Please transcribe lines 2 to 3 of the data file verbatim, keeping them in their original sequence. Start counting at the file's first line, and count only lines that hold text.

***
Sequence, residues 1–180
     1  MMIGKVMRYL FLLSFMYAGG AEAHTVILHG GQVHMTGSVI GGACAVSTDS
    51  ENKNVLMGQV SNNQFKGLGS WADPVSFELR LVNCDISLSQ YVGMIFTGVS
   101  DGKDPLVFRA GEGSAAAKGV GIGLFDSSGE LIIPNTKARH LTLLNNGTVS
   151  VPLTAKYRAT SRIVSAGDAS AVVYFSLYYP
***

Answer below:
     1  MMIGKVMRYL FLLSFMYAGG AEAHTVILHG GQVHMTGSVI GGACAVSTDS
    51  ENKNVLMGQV SNNQFKGLGS WADPVSFELR LVNCDISLSQ YVGMIFTGVS